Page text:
Russian tycoon Roman Abramovich paid $2 billion to fellow oligarch Boris Berezovsky for his services as a political godfather in the turbulent years after the collapse of communism, Abramovich's lawyer said Tuesday.
The two former allies are facing off in a London court, where Berezovsky is suing Abramovich for 3.2 billion pounds ($5 billion).
Berezovsky, who lives in self-imposed exile in Britain, claims Abramovich intimidated him into selling shares in Russian oil company Sibneft at a fraction of their value. He alleges breach of trust and breach of contract.
Abramovich's lawyer, Jonathan Sumption, denied the allegation Tuesday, explaining that in corrupt and chaotic post-Soviet Russia Berezovsky was a "power broker" to whom Abramovich businesses paid large sums for patronage.
Sumption said that in Russia at the time, "there was no rule of law."
"The police were corrupt," he said. "The courts were unpredictable at best ... Nobody could go into business without access to political power. If you didn't have political power yourself you needed access to a godfather who did."
Sumption said the two men had agreed that "for substantial cash payments, Mr. Abramovich and Sibneft would enjoy Mr. Berezovsky's political patronage."
He said that between 1995 and 2002, Berezovsky, then a media mogul, received $2 billion from Abramovich businesses, as well as money for personal expenses including "palaces in France," private planes, artworks and jewelry.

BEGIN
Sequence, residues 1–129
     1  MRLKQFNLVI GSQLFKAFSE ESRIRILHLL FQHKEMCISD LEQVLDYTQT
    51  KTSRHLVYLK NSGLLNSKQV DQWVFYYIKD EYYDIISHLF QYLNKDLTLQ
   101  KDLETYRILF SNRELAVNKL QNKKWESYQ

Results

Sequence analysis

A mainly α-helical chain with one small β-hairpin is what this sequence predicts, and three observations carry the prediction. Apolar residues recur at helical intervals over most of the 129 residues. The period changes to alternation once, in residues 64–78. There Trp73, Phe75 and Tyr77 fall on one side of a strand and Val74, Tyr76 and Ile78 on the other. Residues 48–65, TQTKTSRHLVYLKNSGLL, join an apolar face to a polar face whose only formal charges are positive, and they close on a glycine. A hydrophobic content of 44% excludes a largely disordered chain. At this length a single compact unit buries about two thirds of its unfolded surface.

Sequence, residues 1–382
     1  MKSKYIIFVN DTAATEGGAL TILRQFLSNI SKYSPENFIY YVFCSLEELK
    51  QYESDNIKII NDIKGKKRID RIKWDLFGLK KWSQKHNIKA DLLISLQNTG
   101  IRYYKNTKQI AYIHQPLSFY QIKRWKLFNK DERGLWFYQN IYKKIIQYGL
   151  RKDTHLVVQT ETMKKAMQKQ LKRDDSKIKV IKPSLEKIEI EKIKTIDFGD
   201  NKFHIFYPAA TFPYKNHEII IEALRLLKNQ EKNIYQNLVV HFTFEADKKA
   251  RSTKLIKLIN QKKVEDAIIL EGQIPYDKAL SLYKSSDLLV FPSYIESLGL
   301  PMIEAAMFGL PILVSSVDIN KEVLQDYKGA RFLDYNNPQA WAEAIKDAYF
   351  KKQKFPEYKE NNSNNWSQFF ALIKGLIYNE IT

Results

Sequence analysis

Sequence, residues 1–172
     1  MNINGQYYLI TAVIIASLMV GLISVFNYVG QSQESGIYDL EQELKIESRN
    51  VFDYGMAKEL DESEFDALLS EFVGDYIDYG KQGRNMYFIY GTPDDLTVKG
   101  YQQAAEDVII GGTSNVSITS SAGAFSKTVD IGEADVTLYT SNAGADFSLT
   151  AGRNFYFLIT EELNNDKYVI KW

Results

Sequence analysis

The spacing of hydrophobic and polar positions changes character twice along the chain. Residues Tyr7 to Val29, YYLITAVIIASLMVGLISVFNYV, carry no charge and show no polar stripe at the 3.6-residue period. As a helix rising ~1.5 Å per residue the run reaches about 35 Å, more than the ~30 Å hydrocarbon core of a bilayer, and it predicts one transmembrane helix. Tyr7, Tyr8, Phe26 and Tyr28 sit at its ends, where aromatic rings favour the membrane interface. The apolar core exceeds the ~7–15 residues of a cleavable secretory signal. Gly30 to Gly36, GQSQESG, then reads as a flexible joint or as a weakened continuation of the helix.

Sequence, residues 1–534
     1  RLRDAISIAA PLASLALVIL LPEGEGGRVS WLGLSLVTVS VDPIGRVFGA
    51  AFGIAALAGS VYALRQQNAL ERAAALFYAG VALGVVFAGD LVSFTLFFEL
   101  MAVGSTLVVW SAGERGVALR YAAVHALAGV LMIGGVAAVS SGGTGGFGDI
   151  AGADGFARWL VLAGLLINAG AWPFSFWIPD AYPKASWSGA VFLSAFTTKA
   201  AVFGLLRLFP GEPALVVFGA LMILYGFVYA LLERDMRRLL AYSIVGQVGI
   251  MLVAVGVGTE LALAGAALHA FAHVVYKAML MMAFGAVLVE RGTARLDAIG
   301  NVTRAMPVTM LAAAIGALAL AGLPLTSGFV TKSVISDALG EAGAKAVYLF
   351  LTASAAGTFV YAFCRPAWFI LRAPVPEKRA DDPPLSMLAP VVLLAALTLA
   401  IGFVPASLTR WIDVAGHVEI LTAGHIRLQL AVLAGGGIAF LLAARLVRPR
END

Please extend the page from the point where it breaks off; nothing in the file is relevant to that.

But he said Berezovsky did not put money into Sibneft, which was created during the breakup of Russia's state-owned businesses, and was not the registered owner of its shares.
"His contribution was important, indeed it was indispensable," said Sumption. "But it was almost entirely political."
Berezovsky, a Kremlin insider during the rule of Boris Yeltsin, fled to Britain after Vladimir Putin became Russia's president in 2000. He has since been a vocal critic of the Kremlin.
Berezovsky's lawyer, Laurence Rabinowitz, said Monday that relations between the two oligarchs turned sour after Berezovsky fell out with Russian political leaders. He claimed Abramovich then betrayed him in return for wealth and influence.
"It is our case that Mr. Abramovich at that point demonstrated that he was a man to whom wealth and influence mattered more than friendship and loyalty," he said.
Abramovich sold Sibneft to Russia's state-owned gas monopoly Gazprom in a multibillion-dollar deal in 2005. He now owns London's Chelsea Football Club.
The two men were at London's High Court for the first two days of the case, which is expected to last two months.